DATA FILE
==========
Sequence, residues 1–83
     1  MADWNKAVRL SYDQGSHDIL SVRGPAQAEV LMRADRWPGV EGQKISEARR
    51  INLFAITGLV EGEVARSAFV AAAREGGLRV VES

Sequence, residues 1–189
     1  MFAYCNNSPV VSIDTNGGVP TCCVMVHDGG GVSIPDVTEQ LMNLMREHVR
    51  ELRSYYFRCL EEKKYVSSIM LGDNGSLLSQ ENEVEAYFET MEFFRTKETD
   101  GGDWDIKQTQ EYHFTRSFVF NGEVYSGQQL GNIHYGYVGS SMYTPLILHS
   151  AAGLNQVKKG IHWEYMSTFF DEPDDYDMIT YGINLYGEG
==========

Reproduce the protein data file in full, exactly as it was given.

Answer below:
Sequence, residues 1–83
     1  MADWNKAVRL SYDQGSHDIL SVRGPAQAEV LMRADRWPGV EGQKISEARR
    51  INLFAITGLV EGEVARSAFV AAAREGGLRV VES

Sequence, residues 1–189
     1  MFAYCNNSPV VSIDTNGGVP TCCVMVHDGG GVSIPDVTEQ LMNLMREHVR
    51  ELRSYYFRCL EEKKYVSSIM LGDNGSLLSQ ENEVEAYFET MEFFRTKETD
   101  GGDWDIKQTQ EYHFTRSFVF NGEVYSGQQL GNIHYGYVGS SMYTPLILHS
   151  AAGLNQVKKG IHWEYMSTFF DEPDDYDMIT YGINLYGEG